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    I'm kind of surprised no one is trying to explain what the "Law section 38 and 40" means. Surely, this refers to some specific statute. – jpmc26 May 1 '17 at 22:25
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Why wasn’t the knife taken out at Russian airport ?

Probably because they missed it during screening. Airport security has been known to miss actual explosives in peoples bags, so a tiny knife is not a particular surprise.

Were we made to sign only because we were in transit

You were forced to sign a paper because Kazakhstan and the surrounding countries are extremely bureaucratic and probably require some sort of paperwork to remove forbidden items from passengers.

Can carrying a prohibited item result in detention or arrest ?

Of course it can, especially if you're carrying something illegal like drugs. However a small knife is extremely unlikely to bring any sort of trouble.

Was the policeman interested in taking bribe by intimidating us ?

Policemen aren't known for their friendly demeanor in that region. Just because someone talks to you impolitely doesn't mean they're asking for a bribe. It's quite unlikely that someone would demand a bribe in plain sight at an international airport, especially for such a minor offense.

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    +1 The paperwork may be an anti-corruption move so that they can't easily just steal things from passengers by claiming they are forbidden. – Spehro Pefhany May 1 '17 at 11:28
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  1. Either the knife was not noticed, or the blade was considered short enough to pass under Russian rules. This is irrelevant though: just because I can legally bring an apple through security in Singapore doesn't mean Customs is obliged to let it through in Australia.
  2. The consequences of having prohibited items depends on local law and the discretion of the screeners. Being in transit is irrelevant.
  3. Absolutely: even in transit, you are subject to Kazakh law. For example, Singapore regularly executes drug smugglers caught in transit.
  4. Possibly, although if so, I would have expected them to hint at this. Bribery is also difficult if there are multiple officers and security cameras etc involved, which would be the case at an airport.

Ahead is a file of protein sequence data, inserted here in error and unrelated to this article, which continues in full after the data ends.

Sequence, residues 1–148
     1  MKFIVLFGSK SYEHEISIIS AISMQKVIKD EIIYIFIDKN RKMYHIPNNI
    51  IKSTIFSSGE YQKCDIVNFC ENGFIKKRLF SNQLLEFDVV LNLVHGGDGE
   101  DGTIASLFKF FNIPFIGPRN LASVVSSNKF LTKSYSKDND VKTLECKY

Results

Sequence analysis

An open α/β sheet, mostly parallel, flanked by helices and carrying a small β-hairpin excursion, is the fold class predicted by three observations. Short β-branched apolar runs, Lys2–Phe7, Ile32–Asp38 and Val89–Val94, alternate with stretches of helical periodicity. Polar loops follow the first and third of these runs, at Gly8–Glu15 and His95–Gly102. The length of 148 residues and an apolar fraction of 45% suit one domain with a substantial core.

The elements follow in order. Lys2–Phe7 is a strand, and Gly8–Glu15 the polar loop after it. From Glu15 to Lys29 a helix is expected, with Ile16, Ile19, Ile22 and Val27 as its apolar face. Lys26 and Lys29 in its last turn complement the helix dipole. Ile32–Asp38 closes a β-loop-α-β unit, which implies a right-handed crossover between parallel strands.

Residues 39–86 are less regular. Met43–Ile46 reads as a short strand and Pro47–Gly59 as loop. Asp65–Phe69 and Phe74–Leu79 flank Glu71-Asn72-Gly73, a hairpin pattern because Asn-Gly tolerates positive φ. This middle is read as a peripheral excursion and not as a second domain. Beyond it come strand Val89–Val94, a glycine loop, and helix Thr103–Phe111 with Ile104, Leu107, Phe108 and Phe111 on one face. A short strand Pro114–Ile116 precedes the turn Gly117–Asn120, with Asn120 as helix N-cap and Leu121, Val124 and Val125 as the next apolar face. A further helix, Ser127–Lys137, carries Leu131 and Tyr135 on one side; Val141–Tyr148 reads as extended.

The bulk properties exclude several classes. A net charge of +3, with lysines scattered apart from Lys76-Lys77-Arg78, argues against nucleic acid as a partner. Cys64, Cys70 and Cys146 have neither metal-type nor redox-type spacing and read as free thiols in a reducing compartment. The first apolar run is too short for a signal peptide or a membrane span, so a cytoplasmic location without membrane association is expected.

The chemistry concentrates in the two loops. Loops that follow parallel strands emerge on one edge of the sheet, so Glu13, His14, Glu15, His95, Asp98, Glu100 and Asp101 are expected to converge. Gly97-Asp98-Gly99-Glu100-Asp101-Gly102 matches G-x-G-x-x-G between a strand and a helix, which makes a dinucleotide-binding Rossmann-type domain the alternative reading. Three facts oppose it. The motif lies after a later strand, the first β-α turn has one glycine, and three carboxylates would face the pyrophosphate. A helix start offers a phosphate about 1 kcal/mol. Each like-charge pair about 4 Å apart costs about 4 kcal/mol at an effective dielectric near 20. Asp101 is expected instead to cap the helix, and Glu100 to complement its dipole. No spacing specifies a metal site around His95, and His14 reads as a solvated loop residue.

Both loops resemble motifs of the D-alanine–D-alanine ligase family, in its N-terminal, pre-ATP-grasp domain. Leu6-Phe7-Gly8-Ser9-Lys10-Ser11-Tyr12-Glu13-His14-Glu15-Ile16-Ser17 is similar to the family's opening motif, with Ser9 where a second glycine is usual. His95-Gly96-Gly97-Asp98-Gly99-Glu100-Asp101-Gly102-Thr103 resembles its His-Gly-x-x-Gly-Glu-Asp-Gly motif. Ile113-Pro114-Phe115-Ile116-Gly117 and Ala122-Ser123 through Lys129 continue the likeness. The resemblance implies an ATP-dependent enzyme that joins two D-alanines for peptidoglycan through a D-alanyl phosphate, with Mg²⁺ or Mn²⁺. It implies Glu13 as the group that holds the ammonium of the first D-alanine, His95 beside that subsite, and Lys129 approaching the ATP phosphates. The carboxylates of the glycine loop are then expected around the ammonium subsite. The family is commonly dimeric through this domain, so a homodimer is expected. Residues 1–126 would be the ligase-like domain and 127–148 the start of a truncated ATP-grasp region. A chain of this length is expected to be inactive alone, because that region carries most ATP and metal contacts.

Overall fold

5. Highly unlikely. The confiscation was carried out by airport security, you were not arrested or charged with a crime.
  • Do you have a citation for the claim that the TSA allows blades, like knives? The only mention I was able to see was an allowance for scissors (not knives), shorter than 4 inches. – Ethan Kaminski May 1 '17 at 11:54
  • @EthanKaminski The "sharp objects" section of the TSA's What can I bring? page agrees with you. As I recall, there was some discussion of relaxing the rules amount small knives (e.g., penknives) a few years ago, possibly resulting in different agencies having different policies (e.g., the FAA being OK with small knives but the TSA not, or the TSA being OK with them but somebody higher up saying no). – David Richerby May 1 '17 at 12:06
  • @EthanKaminski D'oh, you're right, looks like proposed changes in 2013 to allow knifes were cancelled. Edited answer accordingly. – jpatokal May 1 '17 at 12:12
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    @LorenPechtel Maybe people taping packs of drugs to their thighs and transiting through airport security aren't the brightest bulbs in the box in the first place. Ignorance isn't much of an excuse though, since the Singapore immigration arrival card has a nice warning in bold red letters about death for drug traffickers: upload.wikimedia.org/wikipedia/commons/8/89/… – jpatokal May 2 '17 at 6:18
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    @DavidRicherby TSA and FAA were actually ok with it. It was the flight attendants' union that complained and got the proposed rule cancelled. TSA wanted the change because they were (and are) wasting way too much of their time dealing with small knives that don't actually pose a threat in a post-9/11 world rather than looking for actual threats. – reirab May 2 '17 at 16:31